«Measuring Agricultural Sustainability Chapter · September 2010 DOI: 10.1007/978-90-481-9513-8_2 CITATIONS READS 3 authors, including: Zahra Ranjbar ...»
was in the shape of an equation:
Se = Efficiency of solar flux use Rs = Residence time of soil Rb = Residence time of biotic Each parameter has its own possible states ranging from two to three. For instance, the three possible states of Ei are listed as 0.1, 0.5 and 1.0. Ei is seen to be more sustainable at lower values.
The terms Rs and Rb are such that only two possible states exist, namely zero and one. In the zero state the farming category is unsustainable no matter what its other measures are. In the value state, the farming type is sustainable, but the degree of sustainability depends on the values of other parameters. In terms of agricultural
S = R s × R b / R s × R b f (v e )− f (vd ) where ve = f (Se, Pr) Vd = f (Ei, Er, Pe) Thus, any farming system type that contributes to physical erosion or a high rate of soil biomass loss will yield a value of zero and can be termed non sustainable.
A farming type that conserves these basic resources will demonstrate a positive value, and therefore be termed potentially sustainable.
Hayati and Karami (1996) suggested an operational index to measuring agricultural sustainability trend in farm level. The parameters measured in that method are those factors that intervene in the crop production process and could have positive effect in the process. The measurement is summarized in below
S = Trend of sustainability X1 = Average of crop production per hectare X2 = Execution of crop rotation X3 = Usage of organic manures X4 = Usage of green manures X5 = Usage of crop stubble X6 = Usage of conservational plough X7 = Trend of change in water resources (at the farm) X8 = Trend of change in soil resources (at the farm) Y1 = Amount of pesticides, herbicides, and fungicides consumption in the farm in one cultivational season Y2 = Amount of nitrate fertilizer consumption per 1 t of crop production Y3 = Amount of phosphate fertilizer consumption per 1 t of crop production Measuring Agricultural Sustainability 95
In order to measure agricultural sustainability at the farm level, Saltiel et al.
(1994) presented an index which is constituted of seven components. They are:
cultivation of sustainable crops, conservational cultivation, crop rotation, diminishing of pesticides and herbicides usage, soil mulching, and use of organic fertilizers.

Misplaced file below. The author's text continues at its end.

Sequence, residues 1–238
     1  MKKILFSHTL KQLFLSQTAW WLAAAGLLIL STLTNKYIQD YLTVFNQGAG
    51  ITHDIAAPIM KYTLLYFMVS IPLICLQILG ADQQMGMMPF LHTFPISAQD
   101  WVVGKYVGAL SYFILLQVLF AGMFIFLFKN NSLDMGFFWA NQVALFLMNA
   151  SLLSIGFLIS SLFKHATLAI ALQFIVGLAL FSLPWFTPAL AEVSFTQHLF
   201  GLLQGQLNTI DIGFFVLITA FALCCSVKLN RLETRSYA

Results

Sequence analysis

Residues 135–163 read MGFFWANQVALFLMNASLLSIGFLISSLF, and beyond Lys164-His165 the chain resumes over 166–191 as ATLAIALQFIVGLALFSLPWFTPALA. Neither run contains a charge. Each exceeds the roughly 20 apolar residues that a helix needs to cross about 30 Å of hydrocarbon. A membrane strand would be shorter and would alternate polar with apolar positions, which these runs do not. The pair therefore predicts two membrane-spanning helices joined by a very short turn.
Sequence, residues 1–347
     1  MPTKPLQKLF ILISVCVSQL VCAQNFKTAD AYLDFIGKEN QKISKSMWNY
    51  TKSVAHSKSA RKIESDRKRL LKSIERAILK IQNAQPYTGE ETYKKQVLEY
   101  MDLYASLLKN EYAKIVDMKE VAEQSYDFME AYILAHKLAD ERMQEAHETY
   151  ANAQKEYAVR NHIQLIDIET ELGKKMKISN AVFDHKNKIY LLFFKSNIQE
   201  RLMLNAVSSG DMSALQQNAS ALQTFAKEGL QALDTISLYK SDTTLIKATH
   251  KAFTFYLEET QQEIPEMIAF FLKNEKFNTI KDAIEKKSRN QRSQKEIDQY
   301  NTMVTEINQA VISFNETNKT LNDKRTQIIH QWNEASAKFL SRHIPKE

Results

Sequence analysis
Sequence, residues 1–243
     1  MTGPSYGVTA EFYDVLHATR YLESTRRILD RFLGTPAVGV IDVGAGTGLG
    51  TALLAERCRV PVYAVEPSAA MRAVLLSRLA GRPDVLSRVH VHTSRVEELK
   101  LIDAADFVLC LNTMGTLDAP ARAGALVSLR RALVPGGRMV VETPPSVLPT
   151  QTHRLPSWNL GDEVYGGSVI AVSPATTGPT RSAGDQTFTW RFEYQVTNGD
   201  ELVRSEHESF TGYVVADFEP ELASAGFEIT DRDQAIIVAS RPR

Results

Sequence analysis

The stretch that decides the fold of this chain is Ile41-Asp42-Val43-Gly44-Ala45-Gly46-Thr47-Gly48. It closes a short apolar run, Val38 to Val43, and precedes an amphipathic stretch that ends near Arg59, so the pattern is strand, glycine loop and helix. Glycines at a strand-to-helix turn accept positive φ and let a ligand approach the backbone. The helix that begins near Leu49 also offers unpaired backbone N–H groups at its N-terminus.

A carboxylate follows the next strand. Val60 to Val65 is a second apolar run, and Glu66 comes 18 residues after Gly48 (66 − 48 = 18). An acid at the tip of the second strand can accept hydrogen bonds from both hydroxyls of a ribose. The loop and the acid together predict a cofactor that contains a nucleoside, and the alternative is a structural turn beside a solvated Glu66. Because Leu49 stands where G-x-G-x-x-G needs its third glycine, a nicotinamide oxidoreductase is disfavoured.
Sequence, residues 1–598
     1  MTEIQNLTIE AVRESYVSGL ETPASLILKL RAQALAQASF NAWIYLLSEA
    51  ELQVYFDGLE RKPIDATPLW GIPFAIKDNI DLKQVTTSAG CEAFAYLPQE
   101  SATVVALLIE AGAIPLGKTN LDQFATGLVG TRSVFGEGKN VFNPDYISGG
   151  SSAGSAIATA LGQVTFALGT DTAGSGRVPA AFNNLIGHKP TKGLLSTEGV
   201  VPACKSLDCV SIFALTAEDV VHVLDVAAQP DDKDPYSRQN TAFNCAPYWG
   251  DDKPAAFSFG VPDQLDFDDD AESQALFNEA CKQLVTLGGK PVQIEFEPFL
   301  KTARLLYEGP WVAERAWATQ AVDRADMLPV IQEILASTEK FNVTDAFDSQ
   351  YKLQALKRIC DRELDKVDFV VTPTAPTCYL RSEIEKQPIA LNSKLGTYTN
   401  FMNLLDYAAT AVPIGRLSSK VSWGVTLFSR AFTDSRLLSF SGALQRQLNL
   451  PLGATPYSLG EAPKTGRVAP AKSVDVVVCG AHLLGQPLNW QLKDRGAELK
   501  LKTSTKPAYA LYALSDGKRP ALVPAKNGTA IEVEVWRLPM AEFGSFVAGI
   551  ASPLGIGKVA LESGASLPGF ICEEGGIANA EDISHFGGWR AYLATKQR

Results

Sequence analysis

The main difficulty in measuring and monitoring agricultural sustainability is that it is a dynamic rather than static concept and needs high level of observation and skills that can adapt to change. Whereas most agricultural scholars believe that measuring sustainability at the farm level is the most precise method, policies at the higher levels (such as national) are increasingly affecting at the lower levels (such as farm). It is necessary to understand the interaction between all levels because each level finds its explanation of mechanism in the level below, and its significance in the levels above.
Moreover, the level of analysis chosen can be a significant influence on the diagnosis of sustainability. At the field level, particular soil management, grazing and cropping practices will be the most important determinants of sustainability. At the farm level, sustainable resource use practices need to support a sustainable farm business and family household. At the national level, there may be broader pressures on the use of agricultural land from non-farming sectors, and at the global level, climatic stability, international terms of trade and distribution of resources also become important determinants.
Although sustainability is a global concept and a farm is only a small subsystem that interacts in various ways with surrounding systems, indicators are needed to know whether a farm system is moving towards or away from sustainability.
Indicators can also be used to educate farmers and other stakeholders about sustainable production. Furthermore, indicators provide farmers with a tool to measure their achievements toward sustainability. Further, indicators allow for comparisons between farms’ performance in the economic, social and environmental aspects of their production. Indicators also inform policy makers about the current state and trends in farm performance or sector performance. Sustainability performance measures can be used as input for policy tools and stimulate better integration of decision-making. Finally, sustainability indices can encourage public participation in sustainability discussions.
96 D. Hayati et al.
While no measure of sustainability can be perfect, the sustainable value is a useful measure and describes the current sustainability performance. On the other hand, the ‘sustainable efficiency’ indicator can be used to compare and rank farms.
Besides, in view of the fact that biophysical and socioeconomic conditions of countries are different to each other, those indicators which are developed and used in one country may not applicable to other countries.
Some recommendations to selecting indicators in order to more appropriate
measuring of agricultural sustainability are:
– Necessity to adoption of a systemic approach – Establishment and gathering appropriate data base and other necessary information in shape of time series in developing countries – More emphasis on determining of sustainability trend instead of precision determining amount of sustainability, especially with respect to lack of accessing such data in developing countries – Launch of professional institutes to monitoring and measuring sustainability of agricultural and industrial systems – Develop those indicators which be feasible to implementing, meanwhile responsive and sensitive toward any stresses and manipulation on system
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